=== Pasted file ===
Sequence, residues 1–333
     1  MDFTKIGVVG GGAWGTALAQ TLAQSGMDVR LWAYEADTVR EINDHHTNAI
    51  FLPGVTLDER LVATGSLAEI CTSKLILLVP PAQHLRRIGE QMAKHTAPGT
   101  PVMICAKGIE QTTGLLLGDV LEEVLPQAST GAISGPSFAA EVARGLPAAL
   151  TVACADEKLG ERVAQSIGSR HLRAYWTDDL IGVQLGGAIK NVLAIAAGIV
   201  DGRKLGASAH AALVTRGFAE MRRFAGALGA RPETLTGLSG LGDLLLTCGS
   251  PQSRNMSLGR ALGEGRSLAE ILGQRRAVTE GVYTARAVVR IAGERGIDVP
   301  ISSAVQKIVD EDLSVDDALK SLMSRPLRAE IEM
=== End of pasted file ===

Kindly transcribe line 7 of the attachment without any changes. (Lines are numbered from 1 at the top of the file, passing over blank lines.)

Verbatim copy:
   251  PQSRNMSLGR ALGEGRSLAE ILGQRRAVTE GVYTARAVVR IAGERGIDVP